Media outlets won't show video of American beheaded | Latest News India - Hindustan Times
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Media outlets won't show video of American beheaded

PTI | ByAssociated Press, New York
May 12, 2004 12:52 PM IST

Video of an American civilian beheaded by an al-Qaida-affiliated group was deemed too gruesome to air by many media outlets Tuesday, including some prominent networks in the Arab world.

Video of an American civilian beheaded by an al-Qaida-affiliated group was deemed too gruesome to air by many media outlets Tuesday, including some prominent networks in the Arab world.

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Several television networks, including CNN and MSNBC in the United States, showed pictures of a bound and frightened Nick Berg, with five men wearing headscarves and black ski masks standing behind him.

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The video, posted Tuesday on an Islamic militant Web site, went on to show the men cutting Berg's head off and then holding it before the camera. Berg's body was found in Baghdad on Saturday. Many media outlets likened it to the video of Wall Street Journal reporter Daniel Pearl's 2002 execution. In both cases, snippets of the video with the victim still alive were widely shown, but none of the actual killing.

"The news story itself is strong enough," said Jihad Ballout, spokesman for Al-Jazeera television, an Arabic-language satellite station based in Qatar. "To show the actual beheading is out of the realm of decency."

One of Al-Jazeera's competitors, the Arab news station Al-Arabiya, showed a brief snippet without the beheading. The United States' ABC, CBS and NBC broadcast networks said they did not plan to show anything beyond the opening shot of Berg alive on their evening news programs.

"It's a pretty clear call for us," said Jon Banner, executive producer of ABC's "World News Tonight." "I think the viewer will understand what happened to Mr. Berg. They won't have to sit through the graphic images."

Steve Capus, executive producer of NBC's "Nightly News," said it was one of the worst things he had ever seen.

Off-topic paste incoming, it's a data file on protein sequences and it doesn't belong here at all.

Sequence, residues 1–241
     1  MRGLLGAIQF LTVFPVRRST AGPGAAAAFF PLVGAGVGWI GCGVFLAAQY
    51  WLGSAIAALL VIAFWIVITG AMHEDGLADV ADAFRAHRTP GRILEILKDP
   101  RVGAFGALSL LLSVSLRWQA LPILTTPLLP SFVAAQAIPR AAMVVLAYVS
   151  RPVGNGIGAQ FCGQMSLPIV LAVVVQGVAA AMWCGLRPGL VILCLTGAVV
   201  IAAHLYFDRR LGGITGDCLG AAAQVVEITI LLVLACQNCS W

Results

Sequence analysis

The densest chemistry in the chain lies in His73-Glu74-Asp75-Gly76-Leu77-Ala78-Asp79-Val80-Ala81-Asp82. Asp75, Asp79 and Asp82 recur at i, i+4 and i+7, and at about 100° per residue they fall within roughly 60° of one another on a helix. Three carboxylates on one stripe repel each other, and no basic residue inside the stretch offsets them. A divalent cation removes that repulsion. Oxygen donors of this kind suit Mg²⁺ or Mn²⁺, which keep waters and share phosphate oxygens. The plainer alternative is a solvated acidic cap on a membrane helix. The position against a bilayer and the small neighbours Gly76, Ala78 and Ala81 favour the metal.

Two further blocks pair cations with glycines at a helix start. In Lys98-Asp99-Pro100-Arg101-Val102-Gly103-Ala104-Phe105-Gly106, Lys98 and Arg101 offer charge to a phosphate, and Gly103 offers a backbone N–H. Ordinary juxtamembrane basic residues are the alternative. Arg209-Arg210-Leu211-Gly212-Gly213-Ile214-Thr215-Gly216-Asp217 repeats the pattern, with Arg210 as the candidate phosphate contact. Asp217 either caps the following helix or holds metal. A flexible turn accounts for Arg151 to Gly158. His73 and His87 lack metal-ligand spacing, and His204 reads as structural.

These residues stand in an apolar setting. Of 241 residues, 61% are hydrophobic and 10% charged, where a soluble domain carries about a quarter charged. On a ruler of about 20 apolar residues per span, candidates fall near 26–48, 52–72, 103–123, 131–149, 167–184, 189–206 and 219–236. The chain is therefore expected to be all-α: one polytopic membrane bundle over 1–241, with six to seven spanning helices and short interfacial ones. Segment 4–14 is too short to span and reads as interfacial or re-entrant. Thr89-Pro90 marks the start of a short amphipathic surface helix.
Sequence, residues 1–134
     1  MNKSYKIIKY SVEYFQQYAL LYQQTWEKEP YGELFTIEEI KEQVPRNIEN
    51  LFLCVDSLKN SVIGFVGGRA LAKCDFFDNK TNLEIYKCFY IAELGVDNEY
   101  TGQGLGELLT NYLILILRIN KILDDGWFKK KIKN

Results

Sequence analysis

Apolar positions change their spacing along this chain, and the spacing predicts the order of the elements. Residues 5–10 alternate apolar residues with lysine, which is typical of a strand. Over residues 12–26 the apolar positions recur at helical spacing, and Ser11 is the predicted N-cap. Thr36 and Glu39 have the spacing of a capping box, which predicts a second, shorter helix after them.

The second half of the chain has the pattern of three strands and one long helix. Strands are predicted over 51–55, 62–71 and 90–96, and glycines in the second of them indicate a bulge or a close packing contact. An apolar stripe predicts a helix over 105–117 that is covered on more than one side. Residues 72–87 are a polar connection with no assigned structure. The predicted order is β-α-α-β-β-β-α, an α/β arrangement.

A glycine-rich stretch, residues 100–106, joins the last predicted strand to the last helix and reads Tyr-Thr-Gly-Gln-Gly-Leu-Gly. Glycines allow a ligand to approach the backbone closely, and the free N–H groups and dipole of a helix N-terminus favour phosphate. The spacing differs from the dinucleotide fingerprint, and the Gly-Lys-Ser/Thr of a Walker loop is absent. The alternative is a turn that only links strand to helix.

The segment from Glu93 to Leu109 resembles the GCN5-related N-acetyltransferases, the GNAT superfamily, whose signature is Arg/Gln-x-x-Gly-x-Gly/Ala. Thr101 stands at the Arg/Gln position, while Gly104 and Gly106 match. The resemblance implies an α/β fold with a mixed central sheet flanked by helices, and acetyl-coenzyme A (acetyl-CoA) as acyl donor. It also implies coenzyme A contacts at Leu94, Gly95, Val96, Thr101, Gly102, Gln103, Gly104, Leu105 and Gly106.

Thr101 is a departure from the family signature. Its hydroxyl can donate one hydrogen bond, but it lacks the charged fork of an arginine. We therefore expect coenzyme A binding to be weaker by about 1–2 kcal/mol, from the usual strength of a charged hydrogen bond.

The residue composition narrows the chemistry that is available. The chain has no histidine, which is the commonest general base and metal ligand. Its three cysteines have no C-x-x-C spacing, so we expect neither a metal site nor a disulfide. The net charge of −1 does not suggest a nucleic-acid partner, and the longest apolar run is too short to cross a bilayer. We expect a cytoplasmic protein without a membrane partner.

"I saw it from start to finish and I wish I didn't have to," Capus said. "It's a horrifying, sadistic act of murder that is drawn out."

Peter Koeleman, director of photography at the Star Tribune in Minneapolis, said it was chilling enough just to see pictures of Berg sitting before his captors.

"We always say, `What if his family member lives here?"' Koeleman said. "It's such a cruel thing they did to him. There's so much impact in seeing him helplessly sitting there, it sent shivers down my spine. I didn't need to have it in my face." Similarly, Bob Keane, a managing editor at Newsday on New York's Long Island, said the newspaper would not show images of the beheading.

"The story is gruesome enough," Keane said. "We'll leave much of it to people's imaginations. If people are curious, they can go to the Web site."

Associated Press Television News, which provides news pictures to 500 subscribers worldwide, distributed video of the full beheading. The video was preceded by a printed warning that lasted a full minute: "Warning! Man is beheaded on camera, extremely graphic footage."

APTN is told repeatedly by subscribers to provide them with as much news material as possible, and let the individual stations decide for themselves what to air, said Sandy MacIntyre, APTN's head of news.

The material was not included in a separate news feed that some stations put directly on the air, MacIntyre said. The AP works as both a wholesaler of news to its members and also disseminates news to the public itself.

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